The Chinese Community of Creswick: The circus at the edge of town
By Carol Scott. Director, Chinese Heritage Interest Network (Australia)
presented at The Chinese
Studies Association of Australia 9th Biennial Conference, in association
with the International Society for the study of Chinese Overseas (ISSCO).
3rd July 2005, The Golden Dragon Museum, Bendigo, Australia.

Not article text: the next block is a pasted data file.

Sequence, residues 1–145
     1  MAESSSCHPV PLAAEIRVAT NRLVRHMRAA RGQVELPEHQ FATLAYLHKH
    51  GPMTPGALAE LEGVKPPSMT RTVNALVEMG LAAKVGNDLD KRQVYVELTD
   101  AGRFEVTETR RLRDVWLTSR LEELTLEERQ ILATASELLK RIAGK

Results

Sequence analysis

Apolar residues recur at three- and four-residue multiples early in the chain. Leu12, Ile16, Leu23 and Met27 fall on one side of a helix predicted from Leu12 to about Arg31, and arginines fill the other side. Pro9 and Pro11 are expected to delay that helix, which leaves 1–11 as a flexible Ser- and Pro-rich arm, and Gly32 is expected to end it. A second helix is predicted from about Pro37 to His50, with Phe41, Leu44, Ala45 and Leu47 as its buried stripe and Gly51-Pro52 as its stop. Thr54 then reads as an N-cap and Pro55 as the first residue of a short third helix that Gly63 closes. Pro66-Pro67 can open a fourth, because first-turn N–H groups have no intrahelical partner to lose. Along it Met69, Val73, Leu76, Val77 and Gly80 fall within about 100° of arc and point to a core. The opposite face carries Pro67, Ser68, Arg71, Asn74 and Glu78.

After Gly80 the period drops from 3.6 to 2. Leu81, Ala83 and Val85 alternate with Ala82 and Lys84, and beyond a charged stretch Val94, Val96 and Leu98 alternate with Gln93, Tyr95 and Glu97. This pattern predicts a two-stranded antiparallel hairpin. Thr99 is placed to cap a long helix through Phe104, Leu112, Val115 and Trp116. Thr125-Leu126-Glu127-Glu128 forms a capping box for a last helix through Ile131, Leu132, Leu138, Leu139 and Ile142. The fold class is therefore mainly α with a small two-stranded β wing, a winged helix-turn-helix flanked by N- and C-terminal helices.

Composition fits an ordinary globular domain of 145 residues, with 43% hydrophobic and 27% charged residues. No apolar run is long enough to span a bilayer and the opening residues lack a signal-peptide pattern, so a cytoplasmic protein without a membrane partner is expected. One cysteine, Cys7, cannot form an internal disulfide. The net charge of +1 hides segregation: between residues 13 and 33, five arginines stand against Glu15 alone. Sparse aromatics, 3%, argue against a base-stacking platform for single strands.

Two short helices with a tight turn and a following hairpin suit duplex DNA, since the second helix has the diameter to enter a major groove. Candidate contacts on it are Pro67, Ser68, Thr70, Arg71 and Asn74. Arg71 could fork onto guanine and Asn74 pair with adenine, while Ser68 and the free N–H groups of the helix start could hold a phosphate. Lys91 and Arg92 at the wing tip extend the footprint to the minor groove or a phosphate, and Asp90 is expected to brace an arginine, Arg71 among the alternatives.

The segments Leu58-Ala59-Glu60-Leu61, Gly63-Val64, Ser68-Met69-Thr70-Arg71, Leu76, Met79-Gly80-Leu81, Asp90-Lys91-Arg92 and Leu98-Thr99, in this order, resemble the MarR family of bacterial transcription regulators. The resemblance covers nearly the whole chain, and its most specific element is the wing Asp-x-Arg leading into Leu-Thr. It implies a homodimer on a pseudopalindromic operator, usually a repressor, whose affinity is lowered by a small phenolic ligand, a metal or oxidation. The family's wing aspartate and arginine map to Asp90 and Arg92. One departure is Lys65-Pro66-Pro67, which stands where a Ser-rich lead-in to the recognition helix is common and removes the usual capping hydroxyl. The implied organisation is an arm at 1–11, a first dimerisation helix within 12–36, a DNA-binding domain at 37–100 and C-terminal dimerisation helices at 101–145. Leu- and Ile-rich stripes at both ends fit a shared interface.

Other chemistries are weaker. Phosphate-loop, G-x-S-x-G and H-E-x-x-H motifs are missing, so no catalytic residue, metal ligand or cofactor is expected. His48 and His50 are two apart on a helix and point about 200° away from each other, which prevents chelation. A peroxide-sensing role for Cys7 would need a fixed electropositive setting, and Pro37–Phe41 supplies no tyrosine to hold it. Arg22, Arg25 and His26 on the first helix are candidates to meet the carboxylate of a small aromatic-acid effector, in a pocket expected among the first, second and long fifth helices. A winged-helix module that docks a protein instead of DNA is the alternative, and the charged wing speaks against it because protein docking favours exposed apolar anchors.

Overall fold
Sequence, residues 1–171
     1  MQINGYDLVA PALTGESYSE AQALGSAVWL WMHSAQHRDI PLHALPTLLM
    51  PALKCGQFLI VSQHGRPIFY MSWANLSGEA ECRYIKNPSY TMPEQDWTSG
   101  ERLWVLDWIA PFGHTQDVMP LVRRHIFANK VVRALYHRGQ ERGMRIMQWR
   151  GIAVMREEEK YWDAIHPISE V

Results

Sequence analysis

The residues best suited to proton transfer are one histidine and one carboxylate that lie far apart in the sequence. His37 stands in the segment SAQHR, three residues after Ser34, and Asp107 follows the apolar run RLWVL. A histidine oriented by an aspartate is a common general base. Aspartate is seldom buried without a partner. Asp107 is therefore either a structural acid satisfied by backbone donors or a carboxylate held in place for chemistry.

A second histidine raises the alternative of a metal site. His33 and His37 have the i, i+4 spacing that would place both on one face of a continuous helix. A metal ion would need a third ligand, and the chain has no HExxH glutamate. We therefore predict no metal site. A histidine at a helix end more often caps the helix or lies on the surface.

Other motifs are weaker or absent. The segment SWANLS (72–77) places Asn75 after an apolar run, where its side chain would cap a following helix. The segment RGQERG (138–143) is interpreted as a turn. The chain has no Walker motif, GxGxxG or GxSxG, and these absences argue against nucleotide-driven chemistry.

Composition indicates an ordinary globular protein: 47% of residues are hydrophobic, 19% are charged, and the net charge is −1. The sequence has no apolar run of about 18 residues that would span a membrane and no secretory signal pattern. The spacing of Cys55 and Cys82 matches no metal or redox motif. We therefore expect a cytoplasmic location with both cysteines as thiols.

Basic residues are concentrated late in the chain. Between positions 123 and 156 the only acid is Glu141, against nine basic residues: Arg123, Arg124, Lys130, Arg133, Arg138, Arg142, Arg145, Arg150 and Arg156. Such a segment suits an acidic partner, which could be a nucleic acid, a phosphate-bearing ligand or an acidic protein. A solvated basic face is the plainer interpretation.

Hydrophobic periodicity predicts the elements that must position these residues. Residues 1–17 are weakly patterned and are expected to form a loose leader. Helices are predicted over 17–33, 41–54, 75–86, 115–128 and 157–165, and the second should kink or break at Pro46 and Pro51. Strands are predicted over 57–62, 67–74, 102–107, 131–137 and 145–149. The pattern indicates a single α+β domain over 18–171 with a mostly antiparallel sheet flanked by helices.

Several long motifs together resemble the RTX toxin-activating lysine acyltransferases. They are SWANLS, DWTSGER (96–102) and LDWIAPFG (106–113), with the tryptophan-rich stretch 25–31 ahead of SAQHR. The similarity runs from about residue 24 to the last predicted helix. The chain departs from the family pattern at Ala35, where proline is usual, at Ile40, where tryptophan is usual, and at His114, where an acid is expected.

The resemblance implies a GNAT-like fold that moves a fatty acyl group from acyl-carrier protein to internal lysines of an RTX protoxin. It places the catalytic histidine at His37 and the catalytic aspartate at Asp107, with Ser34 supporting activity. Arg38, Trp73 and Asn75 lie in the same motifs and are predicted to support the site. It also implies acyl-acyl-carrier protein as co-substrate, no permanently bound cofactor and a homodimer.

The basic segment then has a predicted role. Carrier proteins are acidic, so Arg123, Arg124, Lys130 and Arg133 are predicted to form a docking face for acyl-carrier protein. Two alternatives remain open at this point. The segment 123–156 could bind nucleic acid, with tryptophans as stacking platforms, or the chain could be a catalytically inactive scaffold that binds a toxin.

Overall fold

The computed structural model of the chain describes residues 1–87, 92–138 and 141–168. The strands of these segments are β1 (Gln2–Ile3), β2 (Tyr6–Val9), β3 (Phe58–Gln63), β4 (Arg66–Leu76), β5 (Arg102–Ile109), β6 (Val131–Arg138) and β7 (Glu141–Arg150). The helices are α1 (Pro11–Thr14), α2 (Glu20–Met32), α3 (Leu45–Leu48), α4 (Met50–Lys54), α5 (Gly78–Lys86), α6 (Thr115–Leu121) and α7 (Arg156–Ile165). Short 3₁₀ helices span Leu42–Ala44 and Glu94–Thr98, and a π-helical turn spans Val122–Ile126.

This paper examines the development and evolution of the Chinese community of the gold mining community of Creswick, Victoria over a twenty-five year period commencing in 1851. It explores the structure of the community including Creswick’s Chinatown and the satellite Chinese communities engaged in sluicing and puddling and located to the south and west of the township. While nothing remains of Creswick’s Chinatown, physical evidence of Chinese occupation, in the form of extensive market gardens, has been identified among several satellite communities. The paper concludes in December 1873 with the involvement of Creswick’s Chinese community in the controversial attempt to break the miner’s strike at the Lothair Quartz and Alluvial Mining Company in nearby Clunes. The resulting violent public riot, and its aftermath, added fuel to the anti-Chinese immigration debate, provided one of the first cases of the use of force in the policing of industrial disputes and provided an early step toward the establishment of the Miner’s Union.
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